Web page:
Embryonic/Fetal Development, Placentation and Glycosaminoglycans in the Female Reproductive Tract and Placenta

Herson da Silva Costa, Felipe Venceslau Câmara, Ferdinando Fernandes Bezerra Vinicius, Carlos Eduardo Bezerra de Moura, Alexsandra Fernandes Pereira, Alexandre Rodrigues Silva, Maria Angélica Miglino, Moacir Franco de Oliveira

Abstract


Background: Fetal attachments, placentation and embryonic development have been widely discussed in rodents such as agoutis and cavies, as well as research on glycosaminoglycans (GAGs) in rats and rabbits. Moreover, studies on buffalo, cattle and sheep are described in ruminants, and work has also been reported in sheep with GAGs in placentoma. However, further studies are needed in this regard, since there are reports of economic losses associated with reproductive failures described for cattle such as changes in the chorion and allantois, and in sheep in which changes between the transition from vitelline to allantois circulation have been discussed.  

Review: In relation to embryonic development, detailed studies have been described in rodents such as rats (12 days old), desert mouse (15 days old) and agoutis at 30 days. Macroscopic structures such as the cephalic region, nose, optic vesicle, cervical curvature, thoracic and pelvic limbs were observed, as well as microscopic structures such as the pituitary, lung, heart, brain cavity, liver, retina, and ossification regions. There are reports of buffalo and cattle studies in ruminants describing early embryonic development. However, the research in the case of sheep is limited, meaning there is only the ultrasound examination, such as gestational diagnosis and morphometric measurement of the embryonic vesicle. Still, studies with umbilical funicular and placental development of sheep with different gestational ages can be highlighted. Regarding extraembryonic annexes, four important structures which contribute to embryonic maintenance have been reported. These are called the chorion, amnion, allantois and yolk sac, respectively, and are responsible for originating the placenta, embryonic protection, collecting metabolic waste and early embryonic nutrition. In addition, correlating the annexes gives rise to the placentation process, which were described two models; the first is transient, called chorioviteline, and the second is called chorioallantoid, which represents the definitive model. Allied to the gestational process, the importance of glycosaminoglycans (GAGs) and proteoglycans are worth mentioning, as they are essential components of the extracellular matrix. They are related in the implantation process, tissue organization during gestation, and also in placental angiogenesis, as described in ruminants (i.e. involved in the vascular growth that accompanies the development of the placenta), which in turn causes an increase in blood flow in this organ, and constitutes a determining factor for fetal development.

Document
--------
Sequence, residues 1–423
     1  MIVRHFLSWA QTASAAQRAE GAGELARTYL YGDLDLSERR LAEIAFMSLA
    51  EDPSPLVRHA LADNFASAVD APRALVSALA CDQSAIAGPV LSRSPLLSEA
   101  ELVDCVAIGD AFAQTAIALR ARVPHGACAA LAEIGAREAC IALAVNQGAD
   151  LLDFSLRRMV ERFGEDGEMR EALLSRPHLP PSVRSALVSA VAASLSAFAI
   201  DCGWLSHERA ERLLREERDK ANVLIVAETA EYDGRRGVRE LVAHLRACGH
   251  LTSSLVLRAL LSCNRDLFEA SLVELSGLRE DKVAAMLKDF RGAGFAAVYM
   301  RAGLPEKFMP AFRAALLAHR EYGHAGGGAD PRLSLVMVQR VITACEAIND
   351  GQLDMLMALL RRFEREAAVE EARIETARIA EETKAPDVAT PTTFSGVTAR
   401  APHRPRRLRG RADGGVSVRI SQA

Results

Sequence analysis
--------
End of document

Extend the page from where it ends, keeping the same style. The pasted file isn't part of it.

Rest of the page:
Conclusion: Such studies regarding the embryonic development of ruminants are still limited to sonographic description and some information is only available in the context of extraembryonic membranes. For glycosaminoglycans, chondroitin sulfate, dermatan sulfate, heparan sulfate and hyaluronic acid are identified in the reproductive tract and placenta. We intend to produce important information for the reproductive and sanitary management of ruminants with the information in this article, providing data to stimulate new studies aiming to minimize the occurrence of embryonic death and economic losses. In addition, further studies on GAGs are needed to better understand their true correlation with gestation, so they can intercede through supplementation and minimize reproductive losses.



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DOI: https://doi.org/10.22456/1679-9216.100339

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